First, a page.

Archive for February, 2013

Three minutes and thirty-eight seconds may seem like a short amount of time for most people, but for Orlando Sanchez, it has created a barrier.

Sanchez, a 24-year-old basketball superstar from the Dominican Republic, is currently battling with the NCAA to let him play collegiate basketball at St. John’s University, despite what some may define as “flaws” in the system. According to NCAA rule, that has since been rescinded,  every time an athlete older than 21 participates in an organized sports competition, a full year of eligibility is accounted for. Unfortunately for Sanchez, the change went into effect a year too late in relation to him.

This file is licensed under the Creative Commons Attribution-Share Alike 3.0 Unported license.

This file is licensed under the Creative Commons Attribution-Share Alike 3.0 Unported license.

In accordance with the rule, Sanchez is seen as losing a year of eligibility when he played eight games with a local club team in the Dominican Republic, one year when he played 3:38 in a game for the Dominican Republic national team, and two years of eligibility when he attended and played at Monroe Community College in New Rochelle, N.Y.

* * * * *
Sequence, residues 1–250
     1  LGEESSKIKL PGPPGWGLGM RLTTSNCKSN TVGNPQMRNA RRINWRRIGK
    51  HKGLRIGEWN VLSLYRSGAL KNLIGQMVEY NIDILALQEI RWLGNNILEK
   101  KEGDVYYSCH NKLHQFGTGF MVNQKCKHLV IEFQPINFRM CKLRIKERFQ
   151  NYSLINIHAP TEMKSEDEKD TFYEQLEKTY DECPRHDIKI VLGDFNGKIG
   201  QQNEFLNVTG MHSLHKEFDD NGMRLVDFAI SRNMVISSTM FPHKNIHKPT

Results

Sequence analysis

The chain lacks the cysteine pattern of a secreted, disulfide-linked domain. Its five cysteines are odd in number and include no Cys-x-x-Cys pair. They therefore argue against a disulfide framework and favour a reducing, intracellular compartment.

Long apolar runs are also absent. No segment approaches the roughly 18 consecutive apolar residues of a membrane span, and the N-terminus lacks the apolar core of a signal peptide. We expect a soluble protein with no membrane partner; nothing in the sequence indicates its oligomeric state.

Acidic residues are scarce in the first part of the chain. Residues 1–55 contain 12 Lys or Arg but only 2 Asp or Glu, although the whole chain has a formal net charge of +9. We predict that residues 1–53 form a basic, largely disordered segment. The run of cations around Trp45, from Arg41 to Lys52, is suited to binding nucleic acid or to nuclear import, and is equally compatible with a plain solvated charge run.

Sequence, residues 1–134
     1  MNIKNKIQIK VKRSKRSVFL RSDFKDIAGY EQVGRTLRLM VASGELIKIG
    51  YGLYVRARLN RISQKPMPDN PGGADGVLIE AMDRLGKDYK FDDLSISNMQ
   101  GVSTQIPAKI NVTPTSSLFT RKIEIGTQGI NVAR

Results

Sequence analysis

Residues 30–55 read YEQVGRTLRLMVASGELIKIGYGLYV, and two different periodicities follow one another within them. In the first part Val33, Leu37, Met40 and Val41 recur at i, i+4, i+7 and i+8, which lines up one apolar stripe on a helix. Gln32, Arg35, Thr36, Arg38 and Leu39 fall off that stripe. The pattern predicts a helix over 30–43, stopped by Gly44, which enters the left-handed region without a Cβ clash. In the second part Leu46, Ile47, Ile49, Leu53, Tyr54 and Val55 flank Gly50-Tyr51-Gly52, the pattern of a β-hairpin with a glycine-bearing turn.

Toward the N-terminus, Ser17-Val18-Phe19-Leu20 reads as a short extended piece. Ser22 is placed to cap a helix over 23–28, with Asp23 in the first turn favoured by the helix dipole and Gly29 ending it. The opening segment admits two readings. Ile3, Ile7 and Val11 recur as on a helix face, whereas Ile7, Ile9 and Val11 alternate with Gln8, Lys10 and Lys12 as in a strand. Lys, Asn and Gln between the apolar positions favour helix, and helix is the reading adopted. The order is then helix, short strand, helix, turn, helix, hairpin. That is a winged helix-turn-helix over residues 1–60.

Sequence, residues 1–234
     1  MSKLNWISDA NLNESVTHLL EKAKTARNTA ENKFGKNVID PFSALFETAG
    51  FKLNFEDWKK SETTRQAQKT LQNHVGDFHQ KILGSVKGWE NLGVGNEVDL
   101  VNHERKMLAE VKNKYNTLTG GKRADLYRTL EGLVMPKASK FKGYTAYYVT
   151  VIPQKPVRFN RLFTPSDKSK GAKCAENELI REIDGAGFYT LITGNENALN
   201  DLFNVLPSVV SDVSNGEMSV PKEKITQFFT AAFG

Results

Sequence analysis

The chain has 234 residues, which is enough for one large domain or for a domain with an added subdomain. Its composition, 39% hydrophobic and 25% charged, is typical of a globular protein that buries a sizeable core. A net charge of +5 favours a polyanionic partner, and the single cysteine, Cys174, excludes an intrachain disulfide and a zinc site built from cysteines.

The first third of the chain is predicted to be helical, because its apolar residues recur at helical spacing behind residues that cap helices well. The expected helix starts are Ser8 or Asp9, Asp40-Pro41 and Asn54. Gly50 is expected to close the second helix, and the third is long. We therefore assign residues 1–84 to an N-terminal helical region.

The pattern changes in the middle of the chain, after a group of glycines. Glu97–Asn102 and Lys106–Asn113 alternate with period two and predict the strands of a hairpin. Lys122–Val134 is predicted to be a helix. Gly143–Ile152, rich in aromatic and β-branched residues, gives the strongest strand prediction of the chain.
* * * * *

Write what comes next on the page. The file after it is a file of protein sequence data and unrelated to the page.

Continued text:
But the reasons behind Sanchez not heading to a full-time college sooner isn’t because of inappropriate behavior or something in his control. Sanchez had been trying to help his family out financially by working.

So why should he suffer and not be able to play?

St. John’s University, Sanchez and his attorney, are now fighting the NCAA to grant Sanchez eligibility on the grounds of legitimate hardship. This past Monday, St. John’s submitted another round of paperwork to the NCAA, in the hopes that they will look one more time at potentially granting a waiver.

According to an article on, Sanchez does not want to throw his name directly into the draft and bypass all of the convoluted rules. He wants to go to college. So why should the NCAA deny an athlete the rights to BE a student-athlete when the NCAA has been fighting for so long to have players stay  in college and not leave for the draft?

Maybe it’s just hypocrisy at its finest…

Test Takers, Test Re-Takers

Posted: February 23, 2013 in NCAA reform
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The SAT and ACT are arguably the most stressful tests any high school student will take. The results will either make or break a college dream, and can potentially alter the outcome of an aspiring student.